Phormium tenax, the New Zealand flax, is now a globally well-known plant and is much used - where space allows - for its dramatically explosive foliage and bold architectural presence. It enjoys full sun and a moist soil mimicing its natural habitat along riverbanks and creeks, with its head in the light and its roots tapping into a ready supply of water. It prefers good drainage but it is not uncommon in its natural habitat to find it in swampy areas.
It is a much-loved plant in New Zealand where it has become woven into the cultural identity of the nation. One of my earliest memories of growing up there was hiding behind the enormous clump of flax that grew in a corner of my grandmother's house. Traditionally, the Maori people used New Zealand flax as a raw material to make a vast range of everyday items and for utilitarian functions including clothing, food gathering, fishing, hunting, domestic items, craftware, decorative furnishings and medicine. Maori communities cultivated flax plantations, or pa harakeke, of the forms that had the best leaf and fibre qualities for these various needs. Scraped of its outer skin, the leaves reveal tough sinewy fibres, which were used to make rope and cord, snares, fishing lines and fishing nets. When repeatedly washed and pounded, these fibres called muka, became soft and were used to weave the base cloth to make the highly-prized feather cloaks worn by rangatira and other important persons. Raincloaks, sandals and the traditional piupiu were all made from flax and strips of flax were woven to make baskets, floormats and canoe sails. They also formed the basis for the woven tukutuku panels of the wharenui or meeting house.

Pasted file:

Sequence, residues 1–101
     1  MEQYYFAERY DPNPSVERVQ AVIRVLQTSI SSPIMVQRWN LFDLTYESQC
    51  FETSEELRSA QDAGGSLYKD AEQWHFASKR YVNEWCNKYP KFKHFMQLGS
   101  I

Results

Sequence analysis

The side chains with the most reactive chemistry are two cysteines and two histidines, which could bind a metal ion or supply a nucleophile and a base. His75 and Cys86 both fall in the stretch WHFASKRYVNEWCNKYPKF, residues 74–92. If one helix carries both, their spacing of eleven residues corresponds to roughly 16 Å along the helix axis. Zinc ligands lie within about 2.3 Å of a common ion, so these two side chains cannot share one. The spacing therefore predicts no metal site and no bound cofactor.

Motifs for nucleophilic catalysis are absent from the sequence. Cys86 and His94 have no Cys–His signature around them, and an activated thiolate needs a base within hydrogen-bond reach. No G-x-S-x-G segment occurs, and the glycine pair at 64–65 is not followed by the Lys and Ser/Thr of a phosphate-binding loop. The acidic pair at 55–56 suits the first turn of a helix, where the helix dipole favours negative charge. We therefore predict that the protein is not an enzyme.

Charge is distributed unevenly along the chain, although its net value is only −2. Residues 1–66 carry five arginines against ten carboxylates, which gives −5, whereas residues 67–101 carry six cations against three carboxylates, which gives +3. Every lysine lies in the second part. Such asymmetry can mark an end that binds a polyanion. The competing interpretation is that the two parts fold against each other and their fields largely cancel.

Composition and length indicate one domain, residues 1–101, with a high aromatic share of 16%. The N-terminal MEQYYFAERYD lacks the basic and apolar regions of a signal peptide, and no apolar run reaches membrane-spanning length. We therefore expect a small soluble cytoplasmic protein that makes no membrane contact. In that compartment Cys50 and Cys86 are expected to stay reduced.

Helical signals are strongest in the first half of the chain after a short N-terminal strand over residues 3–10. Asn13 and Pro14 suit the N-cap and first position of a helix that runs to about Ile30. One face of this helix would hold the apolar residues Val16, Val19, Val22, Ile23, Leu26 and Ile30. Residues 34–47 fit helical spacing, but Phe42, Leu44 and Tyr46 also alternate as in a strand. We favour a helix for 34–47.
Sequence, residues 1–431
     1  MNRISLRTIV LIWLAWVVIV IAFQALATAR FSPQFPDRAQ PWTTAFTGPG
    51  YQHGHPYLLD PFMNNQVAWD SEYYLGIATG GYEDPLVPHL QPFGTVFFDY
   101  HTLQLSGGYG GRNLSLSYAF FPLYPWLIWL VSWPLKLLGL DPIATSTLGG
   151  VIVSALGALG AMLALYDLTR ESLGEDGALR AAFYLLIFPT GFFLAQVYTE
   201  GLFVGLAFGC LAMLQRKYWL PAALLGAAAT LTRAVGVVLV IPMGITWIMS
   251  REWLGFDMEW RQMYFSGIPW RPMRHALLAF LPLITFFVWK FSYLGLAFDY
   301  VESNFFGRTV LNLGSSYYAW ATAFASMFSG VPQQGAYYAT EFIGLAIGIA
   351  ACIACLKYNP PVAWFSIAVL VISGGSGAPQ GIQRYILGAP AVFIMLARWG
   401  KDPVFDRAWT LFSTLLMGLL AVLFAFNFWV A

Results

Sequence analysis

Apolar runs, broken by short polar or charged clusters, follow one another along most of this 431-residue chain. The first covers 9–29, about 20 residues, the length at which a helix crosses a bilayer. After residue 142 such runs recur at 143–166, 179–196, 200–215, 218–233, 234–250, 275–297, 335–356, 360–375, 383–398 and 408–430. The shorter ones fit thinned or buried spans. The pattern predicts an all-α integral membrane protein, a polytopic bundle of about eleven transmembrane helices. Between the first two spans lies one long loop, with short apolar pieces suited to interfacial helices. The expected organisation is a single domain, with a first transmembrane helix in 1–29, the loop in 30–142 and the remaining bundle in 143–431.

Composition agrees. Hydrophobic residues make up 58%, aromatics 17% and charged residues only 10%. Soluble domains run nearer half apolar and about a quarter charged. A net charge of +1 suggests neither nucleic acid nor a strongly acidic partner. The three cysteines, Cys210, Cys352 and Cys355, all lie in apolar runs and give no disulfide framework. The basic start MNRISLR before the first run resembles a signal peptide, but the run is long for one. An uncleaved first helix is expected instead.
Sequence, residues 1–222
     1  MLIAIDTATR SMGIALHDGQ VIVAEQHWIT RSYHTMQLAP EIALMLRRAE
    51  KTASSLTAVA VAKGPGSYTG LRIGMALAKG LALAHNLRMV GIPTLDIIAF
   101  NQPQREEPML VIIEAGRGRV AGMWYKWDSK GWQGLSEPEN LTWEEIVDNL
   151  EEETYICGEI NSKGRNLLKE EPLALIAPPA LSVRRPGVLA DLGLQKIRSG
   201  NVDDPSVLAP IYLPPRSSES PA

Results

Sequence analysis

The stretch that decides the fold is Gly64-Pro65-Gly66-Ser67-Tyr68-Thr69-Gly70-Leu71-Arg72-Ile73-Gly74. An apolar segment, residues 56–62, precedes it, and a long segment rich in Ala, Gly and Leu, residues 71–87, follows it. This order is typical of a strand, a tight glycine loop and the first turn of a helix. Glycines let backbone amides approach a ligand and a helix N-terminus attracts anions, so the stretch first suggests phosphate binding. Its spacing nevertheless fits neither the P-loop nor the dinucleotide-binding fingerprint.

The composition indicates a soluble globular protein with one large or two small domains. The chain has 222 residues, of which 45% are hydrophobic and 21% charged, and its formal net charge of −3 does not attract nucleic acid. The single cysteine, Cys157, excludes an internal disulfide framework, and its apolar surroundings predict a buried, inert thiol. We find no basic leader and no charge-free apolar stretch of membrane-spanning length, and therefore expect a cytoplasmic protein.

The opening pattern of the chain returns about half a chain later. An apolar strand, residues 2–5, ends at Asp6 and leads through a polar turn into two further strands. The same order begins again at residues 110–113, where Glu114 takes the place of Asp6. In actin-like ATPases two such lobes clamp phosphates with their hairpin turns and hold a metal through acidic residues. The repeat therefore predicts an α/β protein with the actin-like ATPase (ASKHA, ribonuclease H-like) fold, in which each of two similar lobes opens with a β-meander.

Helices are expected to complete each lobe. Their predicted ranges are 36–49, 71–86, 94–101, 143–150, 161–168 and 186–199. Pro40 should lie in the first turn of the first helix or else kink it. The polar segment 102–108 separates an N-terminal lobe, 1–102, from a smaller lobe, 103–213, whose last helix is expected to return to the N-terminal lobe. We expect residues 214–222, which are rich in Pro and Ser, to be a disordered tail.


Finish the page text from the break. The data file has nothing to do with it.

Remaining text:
In recent years there has been a resurgence in the use of flax and flax fibre by New Zealand artists and craftspeople.
The phylogenetic studies by The Angiosperm Phylogeny Group has reclassified Phormium and under APG III it is now placed in the subfamily Hemerocallidoideae.
|Geographical Origin||New Zealand|
|Cultivation||Full sun. Moist, rich, well-drained soil.|
|Eventual Height||2 m|
|Eventual Spread||2 m-3 m. Leave plenty of room as it grows much bigger than you think it will|
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